DigitalThoughts / The state, your enemy
At the end of last year, the US was about to pass a law to allow for the indefinite detention of anyone, without a trial. Since January 1st, that law has passed. Never mind that one of my American friends had a goddamn panic attack upon finding out about it; you'd think we're safe as citizens of other countries, at least.
About a week ago, it was decided that a student from the UK, running a website that's perfectly legal in his own country, can be extradited to the US because his website is supposedly illegal there. Imagine Iran knocking on the British Empire's door with a similar request.
But that's not all. Just two days ago, in a move of unprecedented proportions, the FBI has shut down file sharing website MegaUpload and arrested everyone involved with it, down to the graphic designer. The problem? MegaUpload was operated out of New Zealand, with servers in the Netherlands and Canada, and the people arrested were citizens of various European countries.
Which begs the question: if a foreign thug can march into my own country and arrest me, just like that, why am I paying for an army and police force?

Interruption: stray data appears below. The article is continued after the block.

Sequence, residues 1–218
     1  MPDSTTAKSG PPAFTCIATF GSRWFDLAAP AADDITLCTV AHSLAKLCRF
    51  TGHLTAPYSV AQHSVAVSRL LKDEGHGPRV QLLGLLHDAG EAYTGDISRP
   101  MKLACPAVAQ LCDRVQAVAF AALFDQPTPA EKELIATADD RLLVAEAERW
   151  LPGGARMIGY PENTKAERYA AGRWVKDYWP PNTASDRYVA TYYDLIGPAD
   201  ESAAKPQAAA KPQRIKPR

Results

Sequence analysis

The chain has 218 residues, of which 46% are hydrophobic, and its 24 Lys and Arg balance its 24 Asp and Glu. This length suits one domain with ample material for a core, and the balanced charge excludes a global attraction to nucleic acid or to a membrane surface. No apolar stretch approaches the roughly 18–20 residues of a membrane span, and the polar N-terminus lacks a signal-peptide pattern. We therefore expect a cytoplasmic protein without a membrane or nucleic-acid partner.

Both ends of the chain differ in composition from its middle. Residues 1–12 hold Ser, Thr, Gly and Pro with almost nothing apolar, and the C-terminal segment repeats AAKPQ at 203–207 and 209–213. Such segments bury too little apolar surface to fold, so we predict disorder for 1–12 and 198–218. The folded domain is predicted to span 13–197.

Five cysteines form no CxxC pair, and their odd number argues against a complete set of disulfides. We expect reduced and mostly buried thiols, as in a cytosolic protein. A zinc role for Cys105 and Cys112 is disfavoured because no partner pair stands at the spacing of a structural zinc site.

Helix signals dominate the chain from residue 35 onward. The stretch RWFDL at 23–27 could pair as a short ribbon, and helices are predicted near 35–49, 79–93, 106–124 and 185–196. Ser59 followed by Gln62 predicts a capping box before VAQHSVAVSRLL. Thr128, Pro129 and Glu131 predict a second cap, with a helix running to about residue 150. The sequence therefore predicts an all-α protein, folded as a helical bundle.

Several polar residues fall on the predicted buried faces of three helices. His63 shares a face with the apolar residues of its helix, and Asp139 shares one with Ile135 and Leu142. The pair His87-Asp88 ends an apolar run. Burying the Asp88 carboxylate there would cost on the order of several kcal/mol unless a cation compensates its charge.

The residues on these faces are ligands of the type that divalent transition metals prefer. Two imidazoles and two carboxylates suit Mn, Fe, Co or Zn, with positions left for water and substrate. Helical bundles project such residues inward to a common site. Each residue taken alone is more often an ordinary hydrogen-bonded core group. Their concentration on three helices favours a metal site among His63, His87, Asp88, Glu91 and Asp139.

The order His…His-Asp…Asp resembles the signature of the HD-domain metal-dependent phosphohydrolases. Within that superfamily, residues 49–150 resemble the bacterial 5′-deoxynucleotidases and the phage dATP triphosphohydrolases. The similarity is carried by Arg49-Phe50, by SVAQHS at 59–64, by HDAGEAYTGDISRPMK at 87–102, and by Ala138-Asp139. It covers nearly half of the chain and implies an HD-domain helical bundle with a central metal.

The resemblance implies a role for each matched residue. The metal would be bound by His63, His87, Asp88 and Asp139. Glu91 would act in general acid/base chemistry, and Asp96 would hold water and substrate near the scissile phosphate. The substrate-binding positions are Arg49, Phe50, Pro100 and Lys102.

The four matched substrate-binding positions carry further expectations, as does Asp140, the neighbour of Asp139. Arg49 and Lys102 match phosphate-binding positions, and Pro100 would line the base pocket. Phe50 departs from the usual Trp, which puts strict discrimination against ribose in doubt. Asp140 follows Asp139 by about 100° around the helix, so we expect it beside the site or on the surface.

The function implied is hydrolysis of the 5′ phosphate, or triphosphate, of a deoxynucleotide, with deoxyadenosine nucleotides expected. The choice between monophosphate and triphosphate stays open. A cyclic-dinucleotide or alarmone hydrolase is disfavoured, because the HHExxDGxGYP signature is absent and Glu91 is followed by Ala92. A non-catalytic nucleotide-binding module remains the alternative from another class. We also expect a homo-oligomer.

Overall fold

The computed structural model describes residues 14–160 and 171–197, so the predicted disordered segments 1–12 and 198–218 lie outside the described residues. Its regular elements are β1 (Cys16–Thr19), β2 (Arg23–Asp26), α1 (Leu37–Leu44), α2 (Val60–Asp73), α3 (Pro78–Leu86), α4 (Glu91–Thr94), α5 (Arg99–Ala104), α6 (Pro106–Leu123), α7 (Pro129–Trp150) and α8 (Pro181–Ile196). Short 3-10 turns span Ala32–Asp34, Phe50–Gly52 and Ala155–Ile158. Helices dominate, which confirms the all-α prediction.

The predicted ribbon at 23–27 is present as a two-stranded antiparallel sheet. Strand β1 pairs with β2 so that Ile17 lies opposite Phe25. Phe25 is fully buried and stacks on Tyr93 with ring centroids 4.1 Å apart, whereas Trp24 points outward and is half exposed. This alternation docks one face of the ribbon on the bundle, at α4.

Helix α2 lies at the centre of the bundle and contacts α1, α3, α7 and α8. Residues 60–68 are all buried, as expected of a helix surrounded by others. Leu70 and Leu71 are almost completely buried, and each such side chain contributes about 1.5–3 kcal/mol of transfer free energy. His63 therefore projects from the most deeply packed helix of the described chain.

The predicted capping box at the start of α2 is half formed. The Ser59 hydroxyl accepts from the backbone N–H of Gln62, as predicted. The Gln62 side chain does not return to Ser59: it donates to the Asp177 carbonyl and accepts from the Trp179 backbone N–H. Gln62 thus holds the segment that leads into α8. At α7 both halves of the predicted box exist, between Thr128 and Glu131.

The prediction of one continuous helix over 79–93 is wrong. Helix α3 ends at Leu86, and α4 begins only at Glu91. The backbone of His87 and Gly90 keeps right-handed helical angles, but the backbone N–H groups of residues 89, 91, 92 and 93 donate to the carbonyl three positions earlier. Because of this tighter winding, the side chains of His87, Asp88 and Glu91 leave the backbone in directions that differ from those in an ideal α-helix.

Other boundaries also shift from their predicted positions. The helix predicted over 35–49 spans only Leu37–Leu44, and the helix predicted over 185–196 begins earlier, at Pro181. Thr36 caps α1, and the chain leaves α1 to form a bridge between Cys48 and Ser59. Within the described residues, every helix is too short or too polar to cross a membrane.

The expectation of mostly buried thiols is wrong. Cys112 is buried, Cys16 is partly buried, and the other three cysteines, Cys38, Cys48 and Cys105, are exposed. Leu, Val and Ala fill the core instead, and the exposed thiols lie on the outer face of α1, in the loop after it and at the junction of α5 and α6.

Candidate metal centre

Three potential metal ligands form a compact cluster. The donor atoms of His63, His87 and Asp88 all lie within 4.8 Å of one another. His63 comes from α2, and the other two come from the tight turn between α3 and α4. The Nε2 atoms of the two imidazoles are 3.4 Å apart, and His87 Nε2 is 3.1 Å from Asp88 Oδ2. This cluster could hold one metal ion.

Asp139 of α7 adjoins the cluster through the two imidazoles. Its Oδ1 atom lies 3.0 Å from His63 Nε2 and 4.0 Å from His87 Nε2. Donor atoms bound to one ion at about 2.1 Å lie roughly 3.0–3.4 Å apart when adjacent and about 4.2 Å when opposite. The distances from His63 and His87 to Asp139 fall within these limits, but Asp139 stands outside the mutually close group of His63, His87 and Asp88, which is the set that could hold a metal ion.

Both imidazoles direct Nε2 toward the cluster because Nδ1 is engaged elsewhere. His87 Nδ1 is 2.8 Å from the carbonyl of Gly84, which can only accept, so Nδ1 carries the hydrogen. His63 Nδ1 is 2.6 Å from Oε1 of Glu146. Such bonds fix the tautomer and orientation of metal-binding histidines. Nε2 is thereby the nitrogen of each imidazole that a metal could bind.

Apparently, so they can beat me up if I disagree with the government.
By now, you may have heard about the demonstrations in Romania. For over a week now, thousands of demonstrators in dozens of cities go out in the street every day to demand the resignation of President Băsescu and his cronies, including the Prime Minister (and all his cabinet). Ever since that started, the former is nowhere to be seen, while the latter is even more robotic than usual.
And ever since that started, a very curious dance happens almost every day. The demonstrators gather up in the early afternoon, demonstrate peacefully for half a day then, at the exact same hour -- 23:00 -- a few vandals pop out of nowhere, throw some stones and bottles at the cops and vanish, leaving them to start beating up on those people who were there the whole time and did nothing wrong.
Suffice to say, nobody was fooled, including the European Union who recently declared sanctions against Romania. Watching images of cops completely ignoring the vandals right in front of them only to arrest honest people moments later is telling. And how come none of that is happening in any of the other 60+ cities where such rallies are taking place?
That's frighteningly reminiscent of the "Mineriad" in June 1990, when thousands of so-called miners invaded Bucharest to break up the rally at the exact same place -- Piața Universității. Even as a naive kid (and I was horribly, painfully naive as a kid) I remember being struck by how all of them had impecable, identical clubs which looked nothing like improvised weapons.
Well, we're not in 1990 anymore. The sleeper has awakened.